• Extensions > Generate from Path > Interpolate, & (eg) 9 steps. This creates a series of rings around the smallest shape. Repeat for the 2nd pair.
  • Note that the inner & outer rings look bolder because there's a duplicate of each. So, click the inner ring, drag single ring away & delete. Repeat for outer ring, & second set of shapes.
  • When there are 2 sets of rings displayed, with none bolder than the others, all the rings are ready for laser-cutting - with minimal material waste.
  • After laser-cutting, alternate rings from the 2 sets may be stacked on top of each other to make a bowl. If ring width is 10mm, there should be 5mm overlap with the ring below & the ring above.
  • Star shape can be used to create stacked bowl from single set of rings. Experiment with number of corners (eg 20), amount of rounding (eg 0.04) and spoke ratio (eg 0.87).
Interlocked Slices
  • Slices are positioned on edge at right angles to each other with 'slotted joints'. A cut-out in the bottom edge of the upper slice locks into a cut-out in the top edge of the lower slice. Cut-outs need to be altered to match the sheet material's thickness (or fractionally more?).
  • The tightness of fit may be refined by altering slots to have slight lumps that press into the adjacent piece.
  • [Method yet to be explored]
  • This example shows how to make a bowl from interlocked slices, but not just using Inkscape:
Other Joints
  • 'Finger joints' may be used for joining the edges of 2 pieces at right angles.
  • 'Mortise & tenon' joints use slots in 1 of the pieces, and tabs in the other piece.
More Complex 3D Design
  • Rather than using Inkscape, 'l23D Make' looks to be free download software offering a means of designing 3D forms, then producing all the sliced pieces ready for laser-cutting. Certainly worth investigating . . .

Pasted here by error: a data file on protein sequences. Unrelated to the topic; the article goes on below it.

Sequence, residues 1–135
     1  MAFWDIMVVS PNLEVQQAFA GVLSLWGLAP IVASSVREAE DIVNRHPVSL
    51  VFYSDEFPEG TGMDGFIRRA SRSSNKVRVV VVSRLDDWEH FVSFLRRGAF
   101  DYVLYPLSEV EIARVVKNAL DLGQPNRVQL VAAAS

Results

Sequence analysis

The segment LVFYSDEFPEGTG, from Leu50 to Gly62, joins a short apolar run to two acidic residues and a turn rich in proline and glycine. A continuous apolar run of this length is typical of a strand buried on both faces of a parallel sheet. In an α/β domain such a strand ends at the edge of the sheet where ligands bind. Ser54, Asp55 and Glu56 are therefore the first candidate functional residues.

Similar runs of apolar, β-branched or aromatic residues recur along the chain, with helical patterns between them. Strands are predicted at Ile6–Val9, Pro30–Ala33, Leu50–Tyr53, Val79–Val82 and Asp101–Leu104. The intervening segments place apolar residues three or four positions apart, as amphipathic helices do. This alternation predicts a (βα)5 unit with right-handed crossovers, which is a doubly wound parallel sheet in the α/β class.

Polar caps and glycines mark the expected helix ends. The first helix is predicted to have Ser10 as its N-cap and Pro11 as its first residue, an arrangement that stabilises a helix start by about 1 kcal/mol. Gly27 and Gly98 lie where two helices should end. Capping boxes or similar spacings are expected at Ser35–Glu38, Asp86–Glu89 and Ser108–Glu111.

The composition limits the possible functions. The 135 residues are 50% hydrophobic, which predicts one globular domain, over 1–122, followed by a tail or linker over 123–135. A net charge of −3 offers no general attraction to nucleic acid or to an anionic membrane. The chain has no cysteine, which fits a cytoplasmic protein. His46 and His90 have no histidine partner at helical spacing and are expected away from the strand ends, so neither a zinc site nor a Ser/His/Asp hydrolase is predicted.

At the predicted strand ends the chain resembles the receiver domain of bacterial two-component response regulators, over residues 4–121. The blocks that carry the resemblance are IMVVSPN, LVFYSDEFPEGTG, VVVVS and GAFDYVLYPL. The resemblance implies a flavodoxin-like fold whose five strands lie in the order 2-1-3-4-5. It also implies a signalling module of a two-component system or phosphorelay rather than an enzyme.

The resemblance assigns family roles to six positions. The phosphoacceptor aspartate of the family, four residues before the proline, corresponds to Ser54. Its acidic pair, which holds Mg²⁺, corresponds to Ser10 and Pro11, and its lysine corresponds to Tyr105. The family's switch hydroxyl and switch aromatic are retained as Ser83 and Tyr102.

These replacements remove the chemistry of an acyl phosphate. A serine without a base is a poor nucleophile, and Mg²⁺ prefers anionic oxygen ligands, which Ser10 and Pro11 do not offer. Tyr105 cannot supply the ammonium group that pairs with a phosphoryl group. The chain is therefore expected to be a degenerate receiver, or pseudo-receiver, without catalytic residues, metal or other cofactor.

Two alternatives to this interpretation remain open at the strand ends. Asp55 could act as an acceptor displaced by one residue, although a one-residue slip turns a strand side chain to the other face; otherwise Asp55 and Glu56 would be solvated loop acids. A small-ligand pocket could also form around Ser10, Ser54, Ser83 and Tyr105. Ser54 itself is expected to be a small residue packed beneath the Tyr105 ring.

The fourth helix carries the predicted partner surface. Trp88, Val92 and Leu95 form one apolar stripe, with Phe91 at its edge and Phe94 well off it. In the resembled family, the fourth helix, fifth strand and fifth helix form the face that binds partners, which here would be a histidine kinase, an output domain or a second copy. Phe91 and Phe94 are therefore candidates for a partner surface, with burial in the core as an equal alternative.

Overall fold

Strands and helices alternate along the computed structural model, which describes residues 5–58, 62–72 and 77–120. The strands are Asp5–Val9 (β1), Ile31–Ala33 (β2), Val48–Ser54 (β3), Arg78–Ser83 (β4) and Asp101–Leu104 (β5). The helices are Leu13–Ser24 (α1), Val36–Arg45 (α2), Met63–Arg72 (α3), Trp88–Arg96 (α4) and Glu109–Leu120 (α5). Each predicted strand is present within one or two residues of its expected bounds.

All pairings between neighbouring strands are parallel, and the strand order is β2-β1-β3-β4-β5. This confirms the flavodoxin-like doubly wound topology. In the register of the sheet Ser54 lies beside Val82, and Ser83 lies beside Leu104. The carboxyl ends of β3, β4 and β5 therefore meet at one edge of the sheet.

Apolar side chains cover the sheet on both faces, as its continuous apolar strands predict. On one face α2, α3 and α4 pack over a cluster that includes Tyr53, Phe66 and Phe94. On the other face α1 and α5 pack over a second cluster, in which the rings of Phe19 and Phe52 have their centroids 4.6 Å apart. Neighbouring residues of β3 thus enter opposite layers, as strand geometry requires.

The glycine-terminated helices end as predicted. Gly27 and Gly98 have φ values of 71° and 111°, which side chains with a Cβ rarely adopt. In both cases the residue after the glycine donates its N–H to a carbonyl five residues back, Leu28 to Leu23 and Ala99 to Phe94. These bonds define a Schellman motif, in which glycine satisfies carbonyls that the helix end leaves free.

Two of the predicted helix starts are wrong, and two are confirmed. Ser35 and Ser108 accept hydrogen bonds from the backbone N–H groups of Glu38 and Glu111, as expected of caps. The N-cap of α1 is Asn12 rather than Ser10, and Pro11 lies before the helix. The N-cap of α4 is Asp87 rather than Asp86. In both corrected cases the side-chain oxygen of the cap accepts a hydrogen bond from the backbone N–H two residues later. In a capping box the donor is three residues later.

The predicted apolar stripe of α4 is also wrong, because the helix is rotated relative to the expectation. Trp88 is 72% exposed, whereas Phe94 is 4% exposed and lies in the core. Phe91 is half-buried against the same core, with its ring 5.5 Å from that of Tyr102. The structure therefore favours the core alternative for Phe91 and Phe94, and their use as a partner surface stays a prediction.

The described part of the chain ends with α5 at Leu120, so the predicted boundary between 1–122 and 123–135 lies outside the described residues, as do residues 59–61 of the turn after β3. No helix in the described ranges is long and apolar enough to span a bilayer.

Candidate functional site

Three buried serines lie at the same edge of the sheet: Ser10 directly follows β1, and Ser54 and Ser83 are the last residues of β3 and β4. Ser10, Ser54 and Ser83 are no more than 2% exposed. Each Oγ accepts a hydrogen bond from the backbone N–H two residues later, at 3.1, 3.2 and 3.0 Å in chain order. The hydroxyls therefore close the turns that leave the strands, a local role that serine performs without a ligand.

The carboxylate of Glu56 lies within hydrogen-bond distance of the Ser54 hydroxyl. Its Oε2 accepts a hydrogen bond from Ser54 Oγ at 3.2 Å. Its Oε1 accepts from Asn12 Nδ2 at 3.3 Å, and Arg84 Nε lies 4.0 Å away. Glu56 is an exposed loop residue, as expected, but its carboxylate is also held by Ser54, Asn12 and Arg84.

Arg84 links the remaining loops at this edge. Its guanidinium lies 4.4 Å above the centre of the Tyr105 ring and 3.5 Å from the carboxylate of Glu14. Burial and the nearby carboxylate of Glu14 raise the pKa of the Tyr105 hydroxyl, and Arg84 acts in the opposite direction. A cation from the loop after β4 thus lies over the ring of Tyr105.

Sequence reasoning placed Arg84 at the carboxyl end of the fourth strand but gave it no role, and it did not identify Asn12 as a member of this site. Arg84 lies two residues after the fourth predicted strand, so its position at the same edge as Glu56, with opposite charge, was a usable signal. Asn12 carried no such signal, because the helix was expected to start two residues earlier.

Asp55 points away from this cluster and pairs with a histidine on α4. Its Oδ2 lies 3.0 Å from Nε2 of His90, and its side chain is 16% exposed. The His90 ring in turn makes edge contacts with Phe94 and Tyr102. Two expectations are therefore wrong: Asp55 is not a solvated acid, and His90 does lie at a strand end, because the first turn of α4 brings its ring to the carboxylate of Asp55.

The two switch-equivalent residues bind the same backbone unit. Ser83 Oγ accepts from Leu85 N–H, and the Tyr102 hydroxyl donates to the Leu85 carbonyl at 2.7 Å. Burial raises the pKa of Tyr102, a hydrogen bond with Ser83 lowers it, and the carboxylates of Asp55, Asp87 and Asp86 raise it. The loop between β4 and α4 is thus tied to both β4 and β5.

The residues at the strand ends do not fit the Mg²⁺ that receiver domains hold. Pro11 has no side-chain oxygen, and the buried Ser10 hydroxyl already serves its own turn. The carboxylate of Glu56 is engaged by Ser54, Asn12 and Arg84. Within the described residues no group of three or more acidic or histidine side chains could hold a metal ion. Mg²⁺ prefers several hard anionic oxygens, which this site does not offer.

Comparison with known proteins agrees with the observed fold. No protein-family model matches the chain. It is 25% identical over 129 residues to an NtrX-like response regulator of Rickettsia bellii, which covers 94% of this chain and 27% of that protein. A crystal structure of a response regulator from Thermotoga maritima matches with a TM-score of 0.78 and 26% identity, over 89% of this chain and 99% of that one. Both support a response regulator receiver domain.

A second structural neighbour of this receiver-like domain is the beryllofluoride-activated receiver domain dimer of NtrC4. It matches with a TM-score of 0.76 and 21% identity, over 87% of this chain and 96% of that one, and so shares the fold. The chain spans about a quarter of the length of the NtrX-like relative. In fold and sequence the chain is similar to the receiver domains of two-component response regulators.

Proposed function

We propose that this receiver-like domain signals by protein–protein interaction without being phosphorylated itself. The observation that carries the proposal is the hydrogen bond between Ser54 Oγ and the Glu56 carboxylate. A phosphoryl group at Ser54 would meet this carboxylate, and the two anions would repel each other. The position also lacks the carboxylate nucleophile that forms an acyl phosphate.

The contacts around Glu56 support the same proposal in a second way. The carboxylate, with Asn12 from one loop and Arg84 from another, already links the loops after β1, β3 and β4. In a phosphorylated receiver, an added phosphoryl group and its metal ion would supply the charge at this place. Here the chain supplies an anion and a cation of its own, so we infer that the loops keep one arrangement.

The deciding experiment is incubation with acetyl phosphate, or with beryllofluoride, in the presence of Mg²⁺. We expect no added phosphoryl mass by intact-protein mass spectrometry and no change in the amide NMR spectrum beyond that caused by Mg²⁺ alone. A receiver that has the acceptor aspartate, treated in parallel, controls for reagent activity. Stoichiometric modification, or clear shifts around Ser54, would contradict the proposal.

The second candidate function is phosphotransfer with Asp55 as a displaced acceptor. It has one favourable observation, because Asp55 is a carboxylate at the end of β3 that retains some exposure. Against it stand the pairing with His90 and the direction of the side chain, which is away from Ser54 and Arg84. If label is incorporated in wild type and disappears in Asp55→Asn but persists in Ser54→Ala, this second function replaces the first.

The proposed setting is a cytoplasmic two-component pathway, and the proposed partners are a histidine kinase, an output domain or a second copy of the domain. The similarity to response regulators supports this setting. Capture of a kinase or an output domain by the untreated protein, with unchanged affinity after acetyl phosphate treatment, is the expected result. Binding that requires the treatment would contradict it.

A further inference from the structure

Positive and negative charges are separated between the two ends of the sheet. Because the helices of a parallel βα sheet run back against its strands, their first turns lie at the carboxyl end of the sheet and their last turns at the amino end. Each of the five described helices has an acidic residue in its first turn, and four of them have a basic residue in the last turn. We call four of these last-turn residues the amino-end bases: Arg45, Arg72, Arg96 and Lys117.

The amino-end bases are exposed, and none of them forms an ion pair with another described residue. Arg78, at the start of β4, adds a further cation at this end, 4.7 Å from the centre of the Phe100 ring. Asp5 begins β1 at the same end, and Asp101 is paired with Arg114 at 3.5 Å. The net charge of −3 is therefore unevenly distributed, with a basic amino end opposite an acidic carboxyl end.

Laser System Software

  • Laser System 5.3 is the software used to operate the laser-cutter. This is installed on a dedicated Windows 10 PC connected to the machine.

Preparing File for Laser-cutting

  • A '.DXF' file needs to be created in Inkscape/ Adobe Illustrator/ other vector graphics software, and transferred to this PC on a USB stick.
  • 'New' file (top left most icon)
  • 'Import' file (3rd from left top icon), & select DXF file from USB stick. Doesn't always work - software seems erratic. Should display image properly. Otherwise, repeat or close & re-open software. Doesn't always show within frame of laser-cutter bed area - can zoom out to check.
  • 'Centre to Table' icon (halfway down left column) displays image within 600 x 400 laser-cutter bed window.
  • Select All, then Tools > Unite Lines (eg 0.1 threshold)
  • Optional - right-click 'Set array output > check properties - check image size. Select all & click ‘Size’ icon halfway down left column. Click on X or Y dimension & enter a new size, if appropriate. To retain original image proportions, click series of dots to right of the other dimension - 2nd dimension is re-calculated.
  • Set sequence of cuts - select each colour at top right of screen, & move ‘Up’ or ‘Down’ to amend the sequence. Complete all raster engraves & scored lines before any cut throughs. Do an internal cut-through before cutting through the outline shape - in case material moves.
  • Set speed & power per cut type - dependent on material & thickness. A line may be drawn by moving the laser quickly and/ or setting the laser bulb to a low power. To cut through the material, move the laser more slowly and/ or set the laser to a higher power. See table [** to be created **] for recommended settings for different materials/ thicknesses. To amend settings, double click on speed/ power for a specific line colour at top right. Re-select cut type of 1 colour to pick up latest speed/ power settings created.